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Another noob thread

6
5
Exp. Type
HPDE
Exp. Level
Under 3 Years
NC
Hey everyone, picked up my 2019 PP1 a few months ago. I don’t drive it on the street much except to and from the track and mountain roads occasionally. I’m a firm believer that seat time is more valuable than most mods and the way I see it, why spend $1500 on a “handling kit” when you could do a handful of track nights for the same money and you’ll never know what the most beneficial parts were with the generic “handling kit”

My question is, as I get more into the sport and find I need more out of the car, where do you start? I am starting with a square tire setup and MPS4S tires. My thing is, if I bought (for example) Koni Yellows, Steeda Dual Rate Springs, Steeda Sway bars, and installed that all at the same time, how would I actually know what helped or didn’t? I want to experiment and learn but without an open track for testing/tuning after a mod, how do you get the best data? I’m just not into the idea of throwing tons of parts on something without seeing/knowing how each one reacts/helps.

So this I guess is kind of a /rant for me but also just want to open a discussion about getting into the sport the best way without just dumping money on parts that may or may not help or may help if you’re Ben Collins but the average Joe isn’t gonna need/notice.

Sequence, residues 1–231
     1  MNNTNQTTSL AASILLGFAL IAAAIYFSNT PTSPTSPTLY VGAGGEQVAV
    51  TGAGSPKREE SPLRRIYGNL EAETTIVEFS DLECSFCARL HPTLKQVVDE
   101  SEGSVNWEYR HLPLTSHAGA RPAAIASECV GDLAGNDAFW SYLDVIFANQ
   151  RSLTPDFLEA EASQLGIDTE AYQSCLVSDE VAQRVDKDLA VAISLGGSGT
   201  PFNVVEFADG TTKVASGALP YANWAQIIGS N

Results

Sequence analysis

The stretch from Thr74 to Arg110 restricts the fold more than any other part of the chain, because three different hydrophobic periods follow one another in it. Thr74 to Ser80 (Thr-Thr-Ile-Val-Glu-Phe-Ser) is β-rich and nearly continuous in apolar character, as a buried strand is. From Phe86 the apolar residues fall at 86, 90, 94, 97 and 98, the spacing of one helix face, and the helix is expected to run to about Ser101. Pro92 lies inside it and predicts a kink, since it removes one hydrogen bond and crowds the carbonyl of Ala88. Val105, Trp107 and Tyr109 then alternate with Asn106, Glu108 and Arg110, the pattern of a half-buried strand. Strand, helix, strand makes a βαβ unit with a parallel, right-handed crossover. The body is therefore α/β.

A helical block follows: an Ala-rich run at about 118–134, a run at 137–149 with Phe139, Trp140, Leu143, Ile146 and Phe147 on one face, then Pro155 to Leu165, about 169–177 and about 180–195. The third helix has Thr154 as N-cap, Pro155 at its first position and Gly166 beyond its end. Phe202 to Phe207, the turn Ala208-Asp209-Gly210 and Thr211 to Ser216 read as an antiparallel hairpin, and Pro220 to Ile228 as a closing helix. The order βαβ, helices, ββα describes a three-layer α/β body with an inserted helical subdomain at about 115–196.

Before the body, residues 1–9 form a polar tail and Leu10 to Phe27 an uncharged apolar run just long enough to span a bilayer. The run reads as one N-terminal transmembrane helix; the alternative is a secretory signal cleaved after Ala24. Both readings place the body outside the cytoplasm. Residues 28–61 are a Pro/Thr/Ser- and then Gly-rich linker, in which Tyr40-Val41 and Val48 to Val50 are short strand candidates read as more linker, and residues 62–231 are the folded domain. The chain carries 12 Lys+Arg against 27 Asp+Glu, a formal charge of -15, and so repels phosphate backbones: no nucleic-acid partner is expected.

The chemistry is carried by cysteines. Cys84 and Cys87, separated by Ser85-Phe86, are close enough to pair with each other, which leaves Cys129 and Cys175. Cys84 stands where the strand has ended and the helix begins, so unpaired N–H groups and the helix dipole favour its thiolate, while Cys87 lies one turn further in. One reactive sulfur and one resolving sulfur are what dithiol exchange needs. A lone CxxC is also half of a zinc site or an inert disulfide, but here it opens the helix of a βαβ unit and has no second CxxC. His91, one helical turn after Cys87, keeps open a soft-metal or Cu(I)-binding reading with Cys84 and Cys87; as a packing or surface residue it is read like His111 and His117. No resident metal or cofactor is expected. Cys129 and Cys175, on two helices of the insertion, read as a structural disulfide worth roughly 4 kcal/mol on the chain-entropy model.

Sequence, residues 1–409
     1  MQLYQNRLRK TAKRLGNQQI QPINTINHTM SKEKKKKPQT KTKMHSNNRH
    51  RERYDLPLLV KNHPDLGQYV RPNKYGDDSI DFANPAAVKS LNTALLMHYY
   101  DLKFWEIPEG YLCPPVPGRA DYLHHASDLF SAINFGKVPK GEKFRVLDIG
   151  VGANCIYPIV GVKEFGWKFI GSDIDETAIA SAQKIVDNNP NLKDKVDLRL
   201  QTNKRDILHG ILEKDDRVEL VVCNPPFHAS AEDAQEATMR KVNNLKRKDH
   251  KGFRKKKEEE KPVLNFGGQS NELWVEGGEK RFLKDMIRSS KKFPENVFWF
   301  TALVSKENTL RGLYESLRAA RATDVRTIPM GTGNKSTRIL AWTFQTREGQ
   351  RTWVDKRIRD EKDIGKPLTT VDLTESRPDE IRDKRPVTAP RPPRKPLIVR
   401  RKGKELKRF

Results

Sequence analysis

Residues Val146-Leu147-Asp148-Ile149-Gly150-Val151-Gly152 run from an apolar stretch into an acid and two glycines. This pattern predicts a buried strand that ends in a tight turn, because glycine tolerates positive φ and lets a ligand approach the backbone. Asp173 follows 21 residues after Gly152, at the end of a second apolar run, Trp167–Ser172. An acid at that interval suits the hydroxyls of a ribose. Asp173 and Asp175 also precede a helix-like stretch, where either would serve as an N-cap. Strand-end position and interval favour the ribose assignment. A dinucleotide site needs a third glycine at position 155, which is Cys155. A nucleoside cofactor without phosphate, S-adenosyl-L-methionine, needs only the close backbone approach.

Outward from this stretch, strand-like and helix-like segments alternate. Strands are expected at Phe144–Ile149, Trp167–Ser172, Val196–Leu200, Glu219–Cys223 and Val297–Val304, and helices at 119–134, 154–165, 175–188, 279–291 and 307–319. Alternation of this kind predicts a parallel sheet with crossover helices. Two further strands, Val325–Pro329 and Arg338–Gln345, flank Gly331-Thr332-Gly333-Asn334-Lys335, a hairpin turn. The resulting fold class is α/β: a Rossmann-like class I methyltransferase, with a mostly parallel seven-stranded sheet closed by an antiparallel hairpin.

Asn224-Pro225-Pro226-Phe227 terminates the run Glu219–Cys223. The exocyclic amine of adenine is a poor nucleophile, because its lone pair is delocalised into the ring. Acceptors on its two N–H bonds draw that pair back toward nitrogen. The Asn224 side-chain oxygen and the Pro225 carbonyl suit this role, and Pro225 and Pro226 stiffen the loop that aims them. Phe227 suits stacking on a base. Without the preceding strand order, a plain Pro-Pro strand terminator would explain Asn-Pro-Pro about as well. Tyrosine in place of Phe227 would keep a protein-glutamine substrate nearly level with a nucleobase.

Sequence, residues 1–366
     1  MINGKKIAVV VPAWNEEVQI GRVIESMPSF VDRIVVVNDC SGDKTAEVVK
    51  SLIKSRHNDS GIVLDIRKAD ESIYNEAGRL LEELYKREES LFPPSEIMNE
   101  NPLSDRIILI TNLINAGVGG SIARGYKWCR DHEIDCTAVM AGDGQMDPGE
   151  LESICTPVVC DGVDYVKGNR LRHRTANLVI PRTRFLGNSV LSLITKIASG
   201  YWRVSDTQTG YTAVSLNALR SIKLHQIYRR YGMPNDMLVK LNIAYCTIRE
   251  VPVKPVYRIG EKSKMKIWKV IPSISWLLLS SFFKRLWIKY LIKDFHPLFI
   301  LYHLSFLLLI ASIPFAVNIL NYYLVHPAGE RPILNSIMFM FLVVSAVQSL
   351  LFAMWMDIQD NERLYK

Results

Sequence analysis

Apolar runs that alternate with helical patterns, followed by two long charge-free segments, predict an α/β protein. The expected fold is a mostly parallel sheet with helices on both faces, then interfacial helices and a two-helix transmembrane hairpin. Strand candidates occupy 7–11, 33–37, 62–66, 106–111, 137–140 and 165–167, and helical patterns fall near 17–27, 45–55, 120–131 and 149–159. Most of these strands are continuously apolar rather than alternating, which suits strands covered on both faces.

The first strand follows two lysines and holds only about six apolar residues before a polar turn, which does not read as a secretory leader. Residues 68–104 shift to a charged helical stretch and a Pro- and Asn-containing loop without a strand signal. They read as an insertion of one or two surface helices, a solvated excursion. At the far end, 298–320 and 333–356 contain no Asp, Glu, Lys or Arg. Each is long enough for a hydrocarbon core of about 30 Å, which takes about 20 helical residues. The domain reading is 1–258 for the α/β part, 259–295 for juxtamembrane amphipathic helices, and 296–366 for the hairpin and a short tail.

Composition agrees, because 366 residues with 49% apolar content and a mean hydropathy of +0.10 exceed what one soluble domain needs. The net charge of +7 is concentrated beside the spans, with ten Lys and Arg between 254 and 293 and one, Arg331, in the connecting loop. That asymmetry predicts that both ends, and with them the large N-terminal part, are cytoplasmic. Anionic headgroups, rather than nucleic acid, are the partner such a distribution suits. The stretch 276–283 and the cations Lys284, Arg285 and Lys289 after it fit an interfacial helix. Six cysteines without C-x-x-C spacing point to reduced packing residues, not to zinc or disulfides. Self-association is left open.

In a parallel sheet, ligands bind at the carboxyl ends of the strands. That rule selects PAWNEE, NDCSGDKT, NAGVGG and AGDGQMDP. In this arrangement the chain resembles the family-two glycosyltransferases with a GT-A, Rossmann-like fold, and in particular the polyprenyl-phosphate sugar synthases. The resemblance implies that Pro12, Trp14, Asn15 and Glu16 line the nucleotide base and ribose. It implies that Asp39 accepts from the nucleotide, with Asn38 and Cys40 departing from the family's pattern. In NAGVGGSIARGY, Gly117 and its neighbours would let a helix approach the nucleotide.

As far as my experience, I owned a C5 Corvette that I did a bunch of OEM+ mods (C5 and C6 Z06 upgrades) but never tracked it. Now with the Mustang I have completed a track day at Carolina Motorsports Park, and an Autocross event. Running Charlotte Motor Speedway next week and VIR in August and September. Super excited to dive deeper!

463FD42C-04F3-4875-8480-84F2AF781B3D.jpeg

049B61A4-DB1C-4D63-8C23-14B2739AB721.jpeg
 

TMSBOSS

Spending my pension on car parts and track fees.
6,777
3,996
Exp. Type
HPDE
Exp. Level
5-10 Years
Illinois
Welcome to the site
You are spot on with track time being mean most important. A close second would be tires. Sticky and wide
Stick with a suspension package when ever possible. Ford, Cortex and Vorshlag are great places to source a package
Also get good instruction. SCCA track nights seldom have instruction. Find a track where organizations like NASA and others have solid instruction programs.
Get on Track and have some fun before swapping a bunch of parts.
 
6
5
Exp. Type
HPDE
Exp. Level
Under 3 Years
NC
Welcome to the site
You are spot on with track time being mean most important. A close second would be tires. Sticky and wide
Stick with a suspension package when ever possible. Ford, Cortex and Vorshlag are great places to source a package
Also get good instruction. SCCA track nights seldom have instruction. Find a track where organizations like NASA and others have solid instruction programs.
Get on Track and have some fun before swapping a bunch of parts.